How Does a Zero-trust Architecture Work?
Zero-trust implementation involves requiring strict identity verification for every individual or device that attemps to access the network or application. This verification applies whether or not the device or user is already within the network perimeter. User or device identity verification can be triggered by events such as changes in the devices being used, location, log-in frequency, or the number of failed login attempts.
The Protect Surface
Protection begins by identifying your protect surface, which is based on data, applications, assets, or services, commonly referenced by the acronym DAAS:
- Data: Which data do you have to protect?
- Applications: Which applications have sensitive information?
- Assets: What are your most sensitive assets?
- Services: Which services can a bad actor exploit in an attempt to interrupt normal IT operation?
Establishing this protect surface helps you hone in on exactly what needs to be protected. This approach is preferable to trying to guard the attack surface, which constantly increases in size and complexity.
A zero-trust policy involves regulating traffic around critical data and components by forming microperimeters. At the edge of a microperimeter, a zero-trust network employs a segmentation gateway, which monitors the entry of people and data. It applies security measures that are designed to thoroughly vet users and data before to granting access using a Layer 7 firewall and the Kipling method.
A Layer 7 rule involves inspecting the payload of packets to see if they match known types of traffic. If a packet contains data that doesn’t meet the parameters of the Layer 7 rule, access is blocked. The Kipling method challenges the validity of the entry attempt by asking six questions about the entry and who is trying to get in: Who? What? When? Where? Why? How? If the answer to any of the queries raises a flag, access isn’t granted.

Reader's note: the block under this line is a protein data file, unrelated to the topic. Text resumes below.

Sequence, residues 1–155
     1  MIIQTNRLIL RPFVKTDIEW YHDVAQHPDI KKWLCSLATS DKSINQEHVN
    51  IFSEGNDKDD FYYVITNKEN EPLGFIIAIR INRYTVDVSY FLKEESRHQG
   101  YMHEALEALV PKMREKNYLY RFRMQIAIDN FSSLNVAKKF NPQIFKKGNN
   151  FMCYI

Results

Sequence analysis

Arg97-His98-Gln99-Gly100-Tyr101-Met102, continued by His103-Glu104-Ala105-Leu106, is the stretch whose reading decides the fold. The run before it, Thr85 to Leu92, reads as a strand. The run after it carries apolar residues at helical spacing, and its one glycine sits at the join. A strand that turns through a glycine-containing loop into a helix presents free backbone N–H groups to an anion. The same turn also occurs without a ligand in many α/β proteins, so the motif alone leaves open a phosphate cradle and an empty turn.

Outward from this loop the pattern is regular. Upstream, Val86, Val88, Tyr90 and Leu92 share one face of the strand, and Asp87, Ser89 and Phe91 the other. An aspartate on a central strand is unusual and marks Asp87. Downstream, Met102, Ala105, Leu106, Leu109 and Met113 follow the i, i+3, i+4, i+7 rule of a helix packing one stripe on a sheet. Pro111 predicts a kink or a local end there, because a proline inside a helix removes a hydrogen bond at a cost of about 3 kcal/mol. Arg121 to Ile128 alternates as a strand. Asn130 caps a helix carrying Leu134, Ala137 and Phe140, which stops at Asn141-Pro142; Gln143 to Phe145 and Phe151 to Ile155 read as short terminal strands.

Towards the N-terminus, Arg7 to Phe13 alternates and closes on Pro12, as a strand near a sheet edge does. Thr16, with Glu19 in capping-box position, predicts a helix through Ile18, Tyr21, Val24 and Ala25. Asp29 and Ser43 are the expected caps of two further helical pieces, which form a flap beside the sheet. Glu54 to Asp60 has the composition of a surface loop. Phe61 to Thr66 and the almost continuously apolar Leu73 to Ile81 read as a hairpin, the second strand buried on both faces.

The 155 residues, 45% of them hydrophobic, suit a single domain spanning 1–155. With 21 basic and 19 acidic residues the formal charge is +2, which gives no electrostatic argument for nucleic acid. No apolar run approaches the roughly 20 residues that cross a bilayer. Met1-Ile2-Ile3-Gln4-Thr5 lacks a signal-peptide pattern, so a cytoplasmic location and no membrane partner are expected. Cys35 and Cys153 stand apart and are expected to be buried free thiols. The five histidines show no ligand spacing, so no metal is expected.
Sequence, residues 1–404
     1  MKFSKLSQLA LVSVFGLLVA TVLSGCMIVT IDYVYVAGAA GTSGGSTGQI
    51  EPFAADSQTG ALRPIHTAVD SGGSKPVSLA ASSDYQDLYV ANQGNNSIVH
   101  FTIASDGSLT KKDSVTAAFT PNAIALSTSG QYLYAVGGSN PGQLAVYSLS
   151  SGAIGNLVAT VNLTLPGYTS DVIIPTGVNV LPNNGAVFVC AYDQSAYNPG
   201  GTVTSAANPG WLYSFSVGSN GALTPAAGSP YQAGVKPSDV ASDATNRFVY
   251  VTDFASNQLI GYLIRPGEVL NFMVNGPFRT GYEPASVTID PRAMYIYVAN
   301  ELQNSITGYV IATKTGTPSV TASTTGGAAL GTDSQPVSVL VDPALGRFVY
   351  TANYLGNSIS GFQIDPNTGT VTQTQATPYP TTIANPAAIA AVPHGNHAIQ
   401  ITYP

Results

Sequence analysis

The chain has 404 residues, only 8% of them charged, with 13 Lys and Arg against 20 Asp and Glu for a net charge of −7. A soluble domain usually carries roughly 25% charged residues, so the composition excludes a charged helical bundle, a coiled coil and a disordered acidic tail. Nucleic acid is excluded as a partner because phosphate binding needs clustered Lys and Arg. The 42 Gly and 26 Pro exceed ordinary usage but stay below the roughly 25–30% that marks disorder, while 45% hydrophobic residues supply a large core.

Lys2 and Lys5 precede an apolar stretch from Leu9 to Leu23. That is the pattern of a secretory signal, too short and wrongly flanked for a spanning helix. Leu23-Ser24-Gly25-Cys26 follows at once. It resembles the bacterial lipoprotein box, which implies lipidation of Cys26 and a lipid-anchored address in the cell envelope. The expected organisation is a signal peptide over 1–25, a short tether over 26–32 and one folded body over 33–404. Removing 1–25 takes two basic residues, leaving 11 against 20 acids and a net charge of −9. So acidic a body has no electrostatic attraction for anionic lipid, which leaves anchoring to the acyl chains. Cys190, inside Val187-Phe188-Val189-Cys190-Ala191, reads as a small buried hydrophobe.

Multi-factor authentication (MFA) verifies the identity of a user by requiring them to provide multiple credentials. With traditional password entry methods, a bad actor only has to figure out a username and password, which often are easy for hackers to acquire. With MFA, users must provide multiple methods of identification. For example, a user may need both a USB stick and a password. Without either factor, the person would not be able to gain access.
Multi-factor authentication aids a zero-trust network by increasing the number of user-specific credentials required for access. Using MFA can increase the difficulty for hackers by a factor of two, three, four, or more.
Endpoints need to be verified to make sure each one is being controlled by the right person. Endpoint verification strengthens a zero-trust approach because it requires both the user and the endpoint itself to present credentials to the network. Each endpoint has its own layer of authentication that would necessitate users to prove their credentials before gaining access.